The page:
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MFA

Ryan Leigh Dostie, BA, '11, MFA, '16

A 21-year-old soldier is raped in her barracks by a fellow soldier, and she reports the assault right away. But Army commanders don’t trust her story, and instead of trying to bring the rapist to justice, they look for ways to delegitimize the woman. It’s a familiar narrative in today’s #MeToo environment, and in alumna Ryan Leigh Dostie’s memoir, Formation: A Woman’s Memoir of Stepping Out of Line, published on June 4, the reader accompanies Dostie – who was raped at 21 while serving in the U.S. Army – on her journey of pain, outrage, trauma, and survival, as she navigates the military and life beyond its hierarchy as a rape survivor.

Dostie, who holds an MFA in fiction writing and a bachelor’s degree in history from Southern, has been receiving a lot of attention for her book, even well before its publication. Last November, Formation was selected as Shelf Awareness’ “Gallery Love of the Week,” in an industry newsletter that reviews books not yet published. More recently, Formation was chosen by Amazon editors as June’s top debut, and it is listed as #2 in Esquire’s “Best Books of Summer 2019.” BookRiot named Formation one of its “50 of the Best Books to Read This Summer”; Patch named Formation one of “The 10 Best Books To Read In June”; and PureWow listed it as one of “9 Books We Can’t Wait to Read in June.” The book has also been reviewed on Publishers Weekly, Amazon, and Goodreads.

When Dostie joined the Army in 2000, she did so as a linguist. By now, she has studied six languages, and she had spent a year of high school studying in Japan. When she joined the Army, she intended to become a Japanese interrogator. However, the Army had other plans for her and sent her to the prestigious Defense Language Institute of Monterey for an intensive program in Persian Farsi, the language spoken in Iran.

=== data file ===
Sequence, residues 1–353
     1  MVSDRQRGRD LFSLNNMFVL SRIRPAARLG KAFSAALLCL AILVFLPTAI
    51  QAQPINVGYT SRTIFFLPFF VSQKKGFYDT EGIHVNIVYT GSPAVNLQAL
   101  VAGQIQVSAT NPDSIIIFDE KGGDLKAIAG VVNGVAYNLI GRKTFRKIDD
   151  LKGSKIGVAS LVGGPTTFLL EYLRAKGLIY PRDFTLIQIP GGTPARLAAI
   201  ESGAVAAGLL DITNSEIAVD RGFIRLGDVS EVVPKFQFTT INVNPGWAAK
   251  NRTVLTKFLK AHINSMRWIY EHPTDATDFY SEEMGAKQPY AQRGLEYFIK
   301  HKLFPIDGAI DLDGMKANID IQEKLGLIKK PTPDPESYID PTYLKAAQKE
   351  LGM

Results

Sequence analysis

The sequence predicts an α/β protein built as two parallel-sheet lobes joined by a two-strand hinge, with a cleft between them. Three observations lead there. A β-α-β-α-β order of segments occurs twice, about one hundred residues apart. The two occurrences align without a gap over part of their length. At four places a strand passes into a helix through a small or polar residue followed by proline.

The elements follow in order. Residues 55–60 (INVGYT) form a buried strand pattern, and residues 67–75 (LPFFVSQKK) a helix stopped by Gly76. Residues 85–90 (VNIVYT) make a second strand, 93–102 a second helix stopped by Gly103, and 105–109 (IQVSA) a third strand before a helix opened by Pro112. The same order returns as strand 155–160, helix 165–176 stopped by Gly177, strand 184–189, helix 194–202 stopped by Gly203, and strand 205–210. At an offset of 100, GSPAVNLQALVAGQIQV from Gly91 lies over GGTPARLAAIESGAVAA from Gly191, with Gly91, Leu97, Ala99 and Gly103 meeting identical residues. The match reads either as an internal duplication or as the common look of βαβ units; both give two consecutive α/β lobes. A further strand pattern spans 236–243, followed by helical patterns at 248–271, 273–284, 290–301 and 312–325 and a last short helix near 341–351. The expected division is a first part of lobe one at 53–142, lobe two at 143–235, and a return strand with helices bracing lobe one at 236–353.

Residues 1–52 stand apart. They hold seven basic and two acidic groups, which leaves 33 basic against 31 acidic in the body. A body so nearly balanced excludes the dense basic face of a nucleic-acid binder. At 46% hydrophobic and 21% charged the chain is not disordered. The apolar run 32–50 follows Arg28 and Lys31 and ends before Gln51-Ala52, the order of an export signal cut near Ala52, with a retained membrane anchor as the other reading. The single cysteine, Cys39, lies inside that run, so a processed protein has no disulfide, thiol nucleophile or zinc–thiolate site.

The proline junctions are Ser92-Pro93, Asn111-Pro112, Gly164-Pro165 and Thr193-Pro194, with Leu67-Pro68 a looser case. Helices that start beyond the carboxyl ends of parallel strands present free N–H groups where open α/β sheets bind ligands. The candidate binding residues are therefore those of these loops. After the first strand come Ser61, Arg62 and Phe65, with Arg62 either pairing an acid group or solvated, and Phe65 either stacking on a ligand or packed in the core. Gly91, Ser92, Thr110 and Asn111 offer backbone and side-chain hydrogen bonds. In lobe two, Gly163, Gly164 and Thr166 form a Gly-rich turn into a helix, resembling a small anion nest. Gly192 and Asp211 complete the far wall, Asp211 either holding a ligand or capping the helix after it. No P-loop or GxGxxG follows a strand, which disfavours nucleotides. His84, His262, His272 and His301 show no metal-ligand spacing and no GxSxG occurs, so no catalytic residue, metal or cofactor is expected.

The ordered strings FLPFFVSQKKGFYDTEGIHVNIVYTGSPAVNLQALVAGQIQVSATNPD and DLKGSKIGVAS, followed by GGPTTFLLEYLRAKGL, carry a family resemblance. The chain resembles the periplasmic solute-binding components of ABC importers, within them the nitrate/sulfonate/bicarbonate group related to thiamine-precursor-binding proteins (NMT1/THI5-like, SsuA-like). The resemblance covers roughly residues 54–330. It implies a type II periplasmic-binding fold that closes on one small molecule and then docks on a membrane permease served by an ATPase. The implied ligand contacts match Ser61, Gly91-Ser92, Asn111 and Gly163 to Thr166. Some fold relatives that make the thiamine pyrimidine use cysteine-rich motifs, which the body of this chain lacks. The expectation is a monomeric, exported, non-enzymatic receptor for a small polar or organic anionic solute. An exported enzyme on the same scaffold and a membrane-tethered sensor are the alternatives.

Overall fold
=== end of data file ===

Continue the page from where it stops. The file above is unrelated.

In 2001, an enlisted man in her unit raped her, and she immediately reported the assault to her superiors, who were at best skeptical and unsympathetic. Even after reporting, Dostie was forced to continue working with her rapist. The commanders who questioned her about what happened pressed her on whether or not she had told her rapist “no,” and they tried to paint her as promiscuous, or to portray her as trying to protect her reputation by accusing her attacker of rape. In the end, the Army dropped the case, and Dostie was left with PTSD, which would eventually take a toll on her mental health and ability to function.

“The book is about rape and how the Army handles it,” Dostie says. But it also is a devastating account of what happens to a rape victim when she reports and is not believed. Dostie stayed in the Army after her attack, and in April 2003, when the Iraq War was well under way, she was sent to Iraq. She had been told that her PTSD “could be a problem if she was deployed,” and it was: she says of that time, “I was not mentally sound.” She did spend 15 months there, however, and her presence in a war zone, compounded by her PTSD, essentially added one trauma to another.

In April 2004, when the uprising in Sadr City occurred, after Saddam Hussein was caught, Dostie says, “We were all packed to go home, and then they said we had to stay.” She did return to the United States eventually, and says at first she felt fine but then started showing signs of PTSD. She got out of active duty in 2005 and eventually returned home to Connecticut, which helped her PTSD. She began to attend Southern and date the man who would become her husband.